Do The Continents Affect Surface Air Temperature?

The internet has enabled researchers and organisations of various kinds to make their data available for free to download and hence anyone with a computer and some rudimentary R knowledge can observe and analyse all sorts of trends in everything from economics to society to natural phenomena. Obviously this can provide endless hours of fun and distraction!

One such data set, available at Willmott, Matsuura, and Collaborators’ Global Climate Resource Page is a dataset that was compiled by Legates and Willmott and described in their paper [1].

This dataset is a set of estimated mean monthly surface air temperature values for various (points on a 0.5 by 0.5 degree grid) geographical locations and was made from 17986 land weather stations (most densely concentrated in the United States and Europe) and 6955 ocean recorded points. These observations came from various sources and span a period of sixty years, and were used to estimate and interpolate the temperature at various points. To give you an idea of how much data was collected, here is a map from their paper [1] showing the location of the stations (I figure showing this map is fair use):


The details of the estimations are documented in the paper, and estimated errors are also available on the website above. Although there are some pictures in the paper, they are in black and white and I thought it would be fun to make some in colour.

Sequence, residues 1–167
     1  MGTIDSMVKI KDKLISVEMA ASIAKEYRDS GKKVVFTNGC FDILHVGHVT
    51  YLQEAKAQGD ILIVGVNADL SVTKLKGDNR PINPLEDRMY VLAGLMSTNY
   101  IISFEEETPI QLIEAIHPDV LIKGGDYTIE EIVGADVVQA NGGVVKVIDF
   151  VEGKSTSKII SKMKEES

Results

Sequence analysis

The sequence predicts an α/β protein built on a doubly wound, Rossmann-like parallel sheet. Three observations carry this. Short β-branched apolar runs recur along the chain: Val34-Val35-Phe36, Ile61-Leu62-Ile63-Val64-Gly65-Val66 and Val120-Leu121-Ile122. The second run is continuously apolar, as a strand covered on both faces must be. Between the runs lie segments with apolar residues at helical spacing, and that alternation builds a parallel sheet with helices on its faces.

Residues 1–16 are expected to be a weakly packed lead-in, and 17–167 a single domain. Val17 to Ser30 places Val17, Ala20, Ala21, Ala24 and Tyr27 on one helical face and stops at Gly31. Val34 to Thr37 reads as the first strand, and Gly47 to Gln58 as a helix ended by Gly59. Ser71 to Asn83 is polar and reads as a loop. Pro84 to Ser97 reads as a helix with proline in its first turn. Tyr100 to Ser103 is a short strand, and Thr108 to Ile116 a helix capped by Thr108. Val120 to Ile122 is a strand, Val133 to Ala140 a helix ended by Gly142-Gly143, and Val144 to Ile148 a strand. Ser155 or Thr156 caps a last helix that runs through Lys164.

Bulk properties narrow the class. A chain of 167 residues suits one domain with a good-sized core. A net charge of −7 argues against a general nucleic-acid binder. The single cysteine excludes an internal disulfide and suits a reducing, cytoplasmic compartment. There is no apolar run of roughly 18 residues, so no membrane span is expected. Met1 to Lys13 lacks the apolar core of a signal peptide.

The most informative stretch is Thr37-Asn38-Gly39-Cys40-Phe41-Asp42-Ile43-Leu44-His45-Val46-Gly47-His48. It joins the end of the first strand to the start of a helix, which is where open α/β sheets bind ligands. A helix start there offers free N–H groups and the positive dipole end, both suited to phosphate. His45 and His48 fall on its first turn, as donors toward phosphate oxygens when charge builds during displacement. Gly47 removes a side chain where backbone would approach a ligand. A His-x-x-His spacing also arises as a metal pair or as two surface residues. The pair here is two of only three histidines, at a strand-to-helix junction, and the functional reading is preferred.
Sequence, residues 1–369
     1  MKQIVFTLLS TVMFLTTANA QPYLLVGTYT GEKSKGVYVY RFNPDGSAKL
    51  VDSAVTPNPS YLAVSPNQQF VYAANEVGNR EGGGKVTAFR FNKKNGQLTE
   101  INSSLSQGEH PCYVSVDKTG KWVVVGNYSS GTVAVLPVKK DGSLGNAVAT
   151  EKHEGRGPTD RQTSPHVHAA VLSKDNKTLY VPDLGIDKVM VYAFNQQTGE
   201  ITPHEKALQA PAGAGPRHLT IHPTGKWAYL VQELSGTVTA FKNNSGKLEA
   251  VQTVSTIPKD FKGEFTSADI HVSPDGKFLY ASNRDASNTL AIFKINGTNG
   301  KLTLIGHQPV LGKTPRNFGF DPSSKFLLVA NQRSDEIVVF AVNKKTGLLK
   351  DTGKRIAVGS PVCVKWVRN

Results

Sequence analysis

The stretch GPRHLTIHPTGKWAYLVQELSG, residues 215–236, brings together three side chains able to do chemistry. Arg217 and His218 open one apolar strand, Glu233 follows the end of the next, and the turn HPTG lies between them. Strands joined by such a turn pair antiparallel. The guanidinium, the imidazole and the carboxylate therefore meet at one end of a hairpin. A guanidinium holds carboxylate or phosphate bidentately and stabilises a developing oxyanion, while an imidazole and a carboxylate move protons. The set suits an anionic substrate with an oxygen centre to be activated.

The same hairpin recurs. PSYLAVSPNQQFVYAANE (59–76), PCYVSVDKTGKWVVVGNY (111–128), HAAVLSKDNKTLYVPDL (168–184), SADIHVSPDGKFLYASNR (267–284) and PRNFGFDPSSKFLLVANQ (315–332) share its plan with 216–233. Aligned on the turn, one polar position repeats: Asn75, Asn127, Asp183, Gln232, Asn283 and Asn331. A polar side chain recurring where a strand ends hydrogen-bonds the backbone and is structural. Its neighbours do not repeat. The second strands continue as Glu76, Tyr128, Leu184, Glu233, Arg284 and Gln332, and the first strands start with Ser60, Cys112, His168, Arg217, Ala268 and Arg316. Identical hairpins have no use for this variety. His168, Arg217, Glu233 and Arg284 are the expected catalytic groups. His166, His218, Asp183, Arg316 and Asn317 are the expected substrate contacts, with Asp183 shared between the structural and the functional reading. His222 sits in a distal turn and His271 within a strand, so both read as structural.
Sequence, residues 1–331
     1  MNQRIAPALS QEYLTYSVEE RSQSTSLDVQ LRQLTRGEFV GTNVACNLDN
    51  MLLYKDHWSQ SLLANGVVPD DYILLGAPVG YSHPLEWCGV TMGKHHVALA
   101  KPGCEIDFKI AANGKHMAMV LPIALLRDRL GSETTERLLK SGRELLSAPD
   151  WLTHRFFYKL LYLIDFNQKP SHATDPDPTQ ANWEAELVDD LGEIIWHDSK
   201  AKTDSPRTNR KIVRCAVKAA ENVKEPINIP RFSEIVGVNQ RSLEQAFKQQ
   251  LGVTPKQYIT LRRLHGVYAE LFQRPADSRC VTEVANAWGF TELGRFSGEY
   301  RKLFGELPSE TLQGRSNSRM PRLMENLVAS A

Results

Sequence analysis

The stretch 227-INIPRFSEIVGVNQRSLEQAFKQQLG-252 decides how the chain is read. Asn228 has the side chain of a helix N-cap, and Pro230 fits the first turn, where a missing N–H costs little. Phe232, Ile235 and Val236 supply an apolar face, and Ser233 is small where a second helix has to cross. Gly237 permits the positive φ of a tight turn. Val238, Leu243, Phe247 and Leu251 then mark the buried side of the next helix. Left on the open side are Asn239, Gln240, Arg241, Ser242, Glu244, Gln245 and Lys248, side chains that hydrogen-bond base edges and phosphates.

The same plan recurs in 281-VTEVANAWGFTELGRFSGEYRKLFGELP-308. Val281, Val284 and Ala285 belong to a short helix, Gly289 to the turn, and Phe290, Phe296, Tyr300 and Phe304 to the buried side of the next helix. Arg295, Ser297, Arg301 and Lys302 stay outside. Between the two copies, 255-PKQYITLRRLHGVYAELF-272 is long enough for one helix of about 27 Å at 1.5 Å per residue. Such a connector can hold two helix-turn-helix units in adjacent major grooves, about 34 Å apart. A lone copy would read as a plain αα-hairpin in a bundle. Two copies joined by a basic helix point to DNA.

First, by choosing dark blue for the coolest temperature (-71.7C) and red for the warmest (40.2C), each geographical location can be plotted with the estimated mean monthly temperature for that point as a colour on the spectrum from the darkest blue to red. Here is what it looks like for January (latitude and longitude are in degrees):


Hey look! You can see the outlines of the continents. Note that I did not add in any way anything to the plot! Now, since we have twelve months, let’s make an animation:


Obviously there is much more I could have done with this dataset (plotting temperature versus latitude or longitude also looks pretty awesome!), but I hope this short post has encouraged the reader to explore all this awesome free data on the internet to learn about the world from primary sources, instead of consulting secondary sources.

[1] Legates, David R., and Cort J. Willmott. “Mean seasonal and spatial variability in global surface air temperature.” Theoretical and Applied Climatology 41.1-2 (1990): 11-21.

The plots in this post were made with R and the animation was made with ImageMagick, since the GIMP seems to have problems with my PNG files, and ImageMagick is much easier to use for animated GIF files.

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